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    One Cent

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    Chapter 8
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    A CHRISTMAS STORY

    DOWN

    Mr. Starr rose very early that day. The sun was not up. Yet, certainly, it was too light to strike a match. Ah, Mr. Starr, a match may be an economy!

    So it was that when, as always, the keys jingled out from his trousers pockets upon the floor, and the money as well, one cent rolled under the bureau unseen by Mr. Starr. He went down to his work now, after he had gathered up the rest of the money and the keys, and answered yesterday's letters.

    Then, of course, he could loiter over his breakfast.

    But not too long. Clara, his wife, was in good spirits, and the boys were very jolly, but Mr. Starr, all the same, did the duty next his hand. He "kissed her good-by," and started down-town. Edgar stopped, him to ask for fifty cents for his lunch; the postman wanted fifteen for an underpaid parcel; Susan, the maid, asked for ten for some extra milk; and then he kissed his hand to the parlor window, and was off.

    No! He was not off.

    For Clara threw up the window and waved her lily hand. Mr. Starr ran back to the door. She flung it open.

    "My dear John, here is your best coat. That coat you have on has a frayed button. I saw it yesterday, and I cannot bear to have you wear it at the Board."

    "Dear Clara, what a saint you are!" One more kiss, and Mr. Starr departed.

    And loyally he did the duty next his hand. He stopped and signed the sewerage petition; he looked in on poor Colt and said a cheerful word to him; he bade Woolley, the fruit man, send a barrel of Nonesuches to old Mrs. Cowen; he was on time at the Board meeting, took the chair, and they changed the constitution. He looked in at the office and told Mr. Freemantle he should be late, but that he would look at the letters when he came back, and then, ho! for East Boston!

    If only you knew, dear readers, that to East Boston you must go by a ferry-boat, as if it were named Greenbush, or Brooklyn, or Camden.

    As Mr. Starr took the street car after he had crossed the ferry, to go into the unknown parts of East Boston, he did notice that he gave the conductor his last ticket. But what of that? "End of the route" came, and he girded his loins, trudged over to the pottery he was in search of, found it at last, found the foreman and gave his orders, and then, through mud unspeakable, waded back to the street car. He was the only passenger. No wonder! The only wonder was that there was a car.

    "Ticket, sir," said the conductor, after half a mile.

    MR. STARR (SMILING). I have no ticket, but you may sell me a dollar's worth. (FEELS FOR POCKETBOOK.) Hello! I have not my pocketbook; changed my coat.

    CONDUCTOR (SAVAGELY). They generally has changed their coats.

    MR. STARR (WITH DIGNITY, OFFERING A FIVE-CENT NICKEL). There's your fare, man.

    CONDUCTOR. That won't do, mud-hopper. Fare's six cents.

    MR. STARR (WELL REMEMBERING THE CENT, WHICH IS, ALAS UNDER THE BUREAU, AND GROVELLING FOR IT IN BOTH POCKETS). I have a cent somewhere.

    CONDUCTOR (STOPPING CAR AND RETURNING FIVE-CENT PIECE). We've had enough of you tramps who change your coats and cannot find your pennies. You step off--and step off mighty quick.

    Mr. Starr declines; when they come to Maverick Square he will report the man to the superintendent, who knows him well. Slight scuffle. Mr. Starr resists. Conductor calls driver. Mr. Starr is ejected. Coat torn badly and hat thrown into mud. Car departs.

    TABLEAU.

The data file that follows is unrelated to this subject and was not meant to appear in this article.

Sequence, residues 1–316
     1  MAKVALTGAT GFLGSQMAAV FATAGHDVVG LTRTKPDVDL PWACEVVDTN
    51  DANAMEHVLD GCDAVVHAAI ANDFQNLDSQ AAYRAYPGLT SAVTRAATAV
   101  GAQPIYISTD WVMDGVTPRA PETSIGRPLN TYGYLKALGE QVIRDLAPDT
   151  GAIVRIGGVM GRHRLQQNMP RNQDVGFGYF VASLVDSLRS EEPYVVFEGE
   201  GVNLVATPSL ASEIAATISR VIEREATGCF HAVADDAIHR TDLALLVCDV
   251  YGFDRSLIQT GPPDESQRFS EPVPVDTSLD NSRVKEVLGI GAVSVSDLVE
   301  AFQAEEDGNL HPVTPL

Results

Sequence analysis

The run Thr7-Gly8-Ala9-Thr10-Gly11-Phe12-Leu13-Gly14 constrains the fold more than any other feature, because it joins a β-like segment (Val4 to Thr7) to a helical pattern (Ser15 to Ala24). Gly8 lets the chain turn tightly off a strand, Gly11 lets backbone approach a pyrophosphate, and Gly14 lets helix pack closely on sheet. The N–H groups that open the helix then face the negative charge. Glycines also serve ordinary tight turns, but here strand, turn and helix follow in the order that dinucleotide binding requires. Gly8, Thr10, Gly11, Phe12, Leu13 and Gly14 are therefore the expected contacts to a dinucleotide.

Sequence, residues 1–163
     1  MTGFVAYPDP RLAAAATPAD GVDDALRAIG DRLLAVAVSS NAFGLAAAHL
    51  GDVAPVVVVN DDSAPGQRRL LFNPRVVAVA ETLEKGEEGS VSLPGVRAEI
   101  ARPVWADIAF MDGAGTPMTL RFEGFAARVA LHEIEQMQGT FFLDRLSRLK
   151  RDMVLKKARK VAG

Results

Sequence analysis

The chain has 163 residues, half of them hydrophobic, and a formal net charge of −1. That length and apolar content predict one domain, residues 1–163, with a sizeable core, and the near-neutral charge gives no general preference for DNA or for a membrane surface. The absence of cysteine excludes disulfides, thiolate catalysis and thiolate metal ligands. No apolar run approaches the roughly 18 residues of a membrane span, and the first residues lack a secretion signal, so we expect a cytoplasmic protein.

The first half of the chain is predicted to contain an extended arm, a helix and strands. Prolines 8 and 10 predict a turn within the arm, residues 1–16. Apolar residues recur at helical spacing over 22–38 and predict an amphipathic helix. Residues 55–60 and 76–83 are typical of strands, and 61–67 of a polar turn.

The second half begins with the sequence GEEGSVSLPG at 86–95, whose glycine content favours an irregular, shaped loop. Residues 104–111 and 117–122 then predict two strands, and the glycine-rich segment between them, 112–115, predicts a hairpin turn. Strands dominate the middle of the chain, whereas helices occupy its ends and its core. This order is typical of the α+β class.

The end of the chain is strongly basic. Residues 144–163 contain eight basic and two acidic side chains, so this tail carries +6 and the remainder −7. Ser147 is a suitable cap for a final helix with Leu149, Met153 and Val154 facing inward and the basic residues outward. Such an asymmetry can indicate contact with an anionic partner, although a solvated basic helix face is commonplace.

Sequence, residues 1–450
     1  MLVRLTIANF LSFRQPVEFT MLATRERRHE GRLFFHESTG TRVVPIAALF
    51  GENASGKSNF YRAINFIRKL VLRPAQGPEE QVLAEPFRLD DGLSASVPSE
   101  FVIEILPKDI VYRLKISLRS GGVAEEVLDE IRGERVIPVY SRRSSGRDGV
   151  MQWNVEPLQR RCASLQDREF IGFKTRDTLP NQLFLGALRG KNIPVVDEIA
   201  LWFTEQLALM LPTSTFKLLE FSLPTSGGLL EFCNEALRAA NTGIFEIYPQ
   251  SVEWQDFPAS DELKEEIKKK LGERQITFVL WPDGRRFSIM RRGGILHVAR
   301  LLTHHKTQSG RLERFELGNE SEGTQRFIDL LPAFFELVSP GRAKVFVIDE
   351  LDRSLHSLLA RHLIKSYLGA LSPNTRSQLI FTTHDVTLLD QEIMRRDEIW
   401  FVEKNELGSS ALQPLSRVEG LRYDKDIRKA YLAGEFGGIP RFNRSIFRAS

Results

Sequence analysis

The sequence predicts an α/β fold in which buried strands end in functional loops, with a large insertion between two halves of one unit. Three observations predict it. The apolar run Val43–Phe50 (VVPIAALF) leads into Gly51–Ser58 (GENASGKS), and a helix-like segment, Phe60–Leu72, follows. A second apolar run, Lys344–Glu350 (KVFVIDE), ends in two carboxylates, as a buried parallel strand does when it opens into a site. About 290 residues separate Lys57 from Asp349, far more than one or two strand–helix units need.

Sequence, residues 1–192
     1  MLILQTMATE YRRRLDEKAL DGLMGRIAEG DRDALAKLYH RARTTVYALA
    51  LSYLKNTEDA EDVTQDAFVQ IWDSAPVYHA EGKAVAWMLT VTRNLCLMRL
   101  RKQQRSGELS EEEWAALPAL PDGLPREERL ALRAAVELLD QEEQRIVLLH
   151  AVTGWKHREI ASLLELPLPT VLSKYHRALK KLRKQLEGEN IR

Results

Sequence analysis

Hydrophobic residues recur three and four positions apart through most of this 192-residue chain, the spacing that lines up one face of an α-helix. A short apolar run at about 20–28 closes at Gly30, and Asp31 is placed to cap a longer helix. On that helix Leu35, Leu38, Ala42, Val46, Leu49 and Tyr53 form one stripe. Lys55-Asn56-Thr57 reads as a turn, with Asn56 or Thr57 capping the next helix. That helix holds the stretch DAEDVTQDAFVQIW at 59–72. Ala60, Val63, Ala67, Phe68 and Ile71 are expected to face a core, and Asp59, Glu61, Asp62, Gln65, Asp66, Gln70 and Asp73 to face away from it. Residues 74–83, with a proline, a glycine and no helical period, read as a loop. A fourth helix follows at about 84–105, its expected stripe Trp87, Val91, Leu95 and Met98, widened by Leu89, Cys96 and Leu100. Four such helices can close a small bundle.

SCENE II

    UP

    (MUDDY STREET IN EAST BOSTON. Mr. STARR, WIPING HIS HAT WITH HIS HANDKERCHIEF, SOLUS.)

    MR. STARR. If only Clara had not been so anxious about the Board meeting! (EYES FIVE-CENT PIECE.) Where can that penny be? (SEARCHES IN POCKETS, IS SEARCHING WHEN--) (ENTER R. H. U. E. SPAN OF WILD HORSES, SWIFTLY DRAGGING A CARRYALL. IN THE CARRYALL TWO CHILDREN SCREAMING. SPEED OF HORSES, 2.41.)

    MR. STARR. Under the present circumstances life is worthless, or nearly so. Let me bravely throw it away!

    (RUSHES UPON THE SPAN. CATCHES EACH HORSE BY THE BIT, AND BY SHEER WEIGHT CONTROLS THEM. HORSES ON THEIR METTLE; Mr. Starr ON HIS. ENTER, RUNNING, JOHN CRADOCK.)

    JOHN CRADOCK. Whoa, whoa! Ha! they stop. How can I thank you, my man? You have saved my children's lives.

    MR. STARR (STILL HOLDING BITS). You had better take the reins.

    John Cradock mounts the seat, seizes reins, but is eager to reward the poor, tattered wretch at their heads. Passes reins to right hand, and with left feels for a half eagle, which he throws, with grateful words, to Mr. Starr. Mr. Starr leaves the plunging horses, and they rush toward Prescott Street. (EXEUNT JOHN CRADOCK, HORSES AND CHILDREN.)

    Half amused, half ashamed, Mr. Starr picks up the coin, which he also supposes to be half an eagle.

    It proves to be a bright penny, just from the mint.

    Mr. Starr lays it with delight upon the five-cent nickel. (ENTER A STREET CAR, L. H. L. E. Mr. STARR WAVES HIS HAND WITH DIGNITY, AND ENTERS CAR. PAYS HIS FARE, SIX CENTS, AS HE PASSES CONDUCTOR.)

    In fifteen minutes they are at Maverick Square. Mr. Starr stops the car at the office of Siemens & Bessemer, and enters. Meets his friend Fothergill.

    FOTHERGILL. Bless me, Starr, you are covered with mud! Pottery, eh? Runaway horse, eh? No matter; we are just in time to see Wendell off. William, take Mr. Starr's hat to be pressed. Put on this light overcoat, Starr. Here is my tweed cap. Now, jump in, and we will go to the "Samaria" to bid Wendell good-by.

    And indeed they both found Wendell. Mr. Starr bade him good-by, and advised him a little about the man be was to see in Dresden. He met Herr Birnebaum, and talked with him a little about the chemistry of enamels. Oddly enough, Fonseca was there, the attache, the same whom Clara had taken to drive at Bethlehem. Mr. Starr talked a little Spanish with him. Then they were all rung onshore.